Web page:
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Forty-one-year-old Harish Kumar seems to remember his public interest lawsuits more than the leg he lost in the blast when he went to pursue one a month ago.

 

In the orthopaedic ward of the Ram Manohar Lohia Hospital, without once looking at his amputated leg, Kumar talks about filing a new Right to Information (RTI) application in the civic agency over a policy related matter.

 

Kumar recalls the fateful day — precisely a month to date — when he had gone the Delhi High Court for hearing on one of the several public interest litigations (PILs) he takes forward from RTI responses.

 

“I have been coordinating on all the RTIs and PILs from hospital,” he says with a faint smile. “What (else) can be done now? It had to happen with me — and it did.”

A class 10th drop-out, Kumar has taken to shuttling between his plastic goods shop on Sadar Bazar and the RTI section of government offices.

 

“I will not stop fighting against injustice at any cost,” he says. Furrows on his forehead show concern, his voice determination.

 

His younger brother, Yogesh says Harish discusses everything except the Sep 7 incident, when an explosives-rigged briefcase went off at Gate 5 of the Delhi High Court complex, killing 15 and injuring over 70.

 

A father of two, Kumar is visited by his children, wife, and parents. RML Hospital has four other injured still recovering after various surgeries.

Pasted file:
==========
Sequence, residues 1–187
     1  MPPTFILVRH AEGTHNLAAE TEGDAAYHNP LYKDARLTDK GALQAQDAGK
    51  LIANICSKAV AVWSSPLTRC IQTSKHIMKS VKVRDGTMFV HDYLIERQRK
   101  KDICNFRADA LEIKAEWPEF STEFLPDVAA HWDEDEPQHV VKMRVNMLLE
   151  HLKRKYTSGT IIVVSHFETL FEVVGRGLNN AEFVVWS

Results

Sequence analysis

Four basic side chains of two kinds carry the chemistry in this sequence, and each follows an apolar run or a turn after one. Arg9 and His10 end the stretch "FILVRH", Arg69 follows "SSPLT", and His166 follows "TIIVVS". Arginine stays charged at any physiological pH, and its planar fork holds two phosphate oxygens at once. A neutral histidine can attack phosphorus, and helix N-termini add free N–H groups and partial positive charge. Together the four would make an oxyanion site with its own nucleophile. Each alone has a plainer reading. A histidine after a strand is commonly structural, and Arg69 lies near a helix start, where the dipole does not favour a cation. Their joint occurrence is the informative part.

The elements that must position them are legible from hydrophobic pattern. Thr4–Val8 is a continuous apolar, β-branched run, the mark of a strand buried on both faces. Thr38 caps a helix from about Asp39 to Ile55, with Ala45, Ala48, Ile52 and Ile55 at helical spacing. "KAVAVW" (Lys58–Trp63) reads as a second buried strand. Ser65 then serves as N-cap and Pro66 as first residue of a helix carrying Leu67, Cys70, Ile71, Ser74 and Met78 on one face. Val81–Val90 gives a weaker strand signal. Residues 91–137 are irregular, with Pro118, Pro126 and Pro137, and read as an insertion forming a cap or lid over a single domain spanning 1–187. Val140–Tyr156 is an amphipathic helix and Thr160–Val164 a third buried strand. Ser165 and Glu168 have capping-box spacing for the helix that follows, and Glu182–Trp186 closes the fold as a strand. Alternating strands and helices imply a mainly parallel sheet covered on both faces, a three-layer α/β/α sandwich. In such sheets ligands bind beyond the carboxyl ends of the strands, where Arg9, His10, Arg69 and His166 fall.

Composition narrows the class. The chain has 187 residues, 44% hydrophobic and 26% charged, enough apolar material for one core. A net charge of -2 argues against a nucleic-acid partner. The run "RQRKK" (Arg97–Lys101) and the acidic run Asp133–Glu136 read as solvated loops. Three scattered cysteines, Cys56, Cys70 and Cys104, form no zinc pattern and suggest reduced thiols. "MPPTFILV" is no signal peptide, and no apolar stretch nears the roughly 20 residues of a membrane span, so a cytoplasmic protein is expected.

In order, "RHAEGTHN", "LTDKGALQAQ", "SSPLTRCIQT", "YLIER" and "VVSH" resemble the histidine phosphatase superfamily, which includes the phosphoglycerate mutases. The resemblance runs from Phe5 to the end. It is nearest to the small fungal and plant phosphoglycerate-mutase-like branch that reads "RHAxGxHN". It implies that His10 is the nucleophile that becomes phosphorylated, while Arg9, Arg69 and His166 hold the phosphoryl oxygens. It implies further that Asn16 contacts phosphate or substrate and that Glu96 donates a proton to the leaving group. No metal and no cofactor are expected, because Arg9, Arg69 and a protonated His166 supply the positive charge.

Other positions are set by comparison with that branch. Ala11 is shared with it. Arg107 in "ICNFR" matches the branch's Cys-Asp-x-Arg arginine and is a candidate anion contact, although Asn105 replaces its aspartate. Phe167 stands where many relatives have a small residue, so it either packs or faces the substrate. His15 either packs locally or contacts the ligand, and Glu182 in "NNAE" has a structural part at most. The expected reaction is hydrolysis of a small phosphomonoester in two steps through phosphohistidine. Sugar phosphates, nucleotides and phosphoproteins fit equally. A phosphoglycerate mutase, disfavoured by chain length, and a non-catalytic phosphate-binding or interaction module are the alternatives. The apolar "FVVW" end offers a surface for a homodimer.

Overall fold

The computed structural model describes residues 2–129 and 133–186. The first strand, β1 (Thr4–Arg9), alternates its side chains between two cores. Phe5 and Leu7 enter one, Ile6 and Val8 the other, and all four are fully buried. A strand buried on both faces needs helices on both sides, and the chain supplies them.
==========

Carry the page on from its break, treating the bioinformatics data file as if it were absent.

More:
According to the family members, the compensation has been given, but it does not bother them as “money will not bring back what has been lost”.

 

“We have got compensation, which is around Rs.3 lakh. We will also get a prosthetic leg for Harish. But now we have stopped thinking about money,” Yogesh told IANS.

 

A few wards away, 60-year-old Radhey Shyam waits for a doctor to tell him if his right leg will be amputated.

The Kamla Nagar resident had hopes of recovering without any amputation, but doctors now tell him it is difficult to heal the lower half of his right leg.

 

“He had lost a portion of his leg in the blast,” son Amit Goyal told IANS. “Doctors will let us know in a few days if his leg has to be amputated.”

Source:IANS


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1 Comment on "To him his PILs mean more than lost leg – a month after blast"

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vijay
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This proves that citizen values his rights more than his physical ailments, come what may. We certainly appreciates his zeal and concern about his (citizen’s) rights. Our kudos to him.

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